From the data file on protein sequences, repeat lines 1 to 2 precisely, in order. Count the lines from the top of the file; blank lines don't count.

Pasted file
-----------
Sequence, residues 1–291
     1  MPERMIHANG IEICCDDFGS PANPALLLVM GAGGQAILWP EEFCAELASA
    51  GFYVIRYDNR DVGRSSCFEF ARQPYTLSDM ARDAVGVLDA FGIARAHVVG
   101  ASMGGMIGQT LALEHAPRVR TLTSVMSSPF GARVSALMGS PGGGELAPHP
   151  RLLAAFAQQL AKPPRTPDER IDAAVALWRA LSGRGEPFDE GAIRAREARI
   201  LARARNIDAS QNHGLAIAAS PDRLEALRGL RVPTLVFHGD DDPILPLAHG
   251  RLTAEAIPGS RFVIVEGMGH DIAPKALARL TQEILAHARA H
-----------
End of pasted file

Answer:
Sequence, residues 1–291
     1  MPERMIHANG IEICCDDFGS PANPALLLVM GAGGQAILWP EEFCAELASA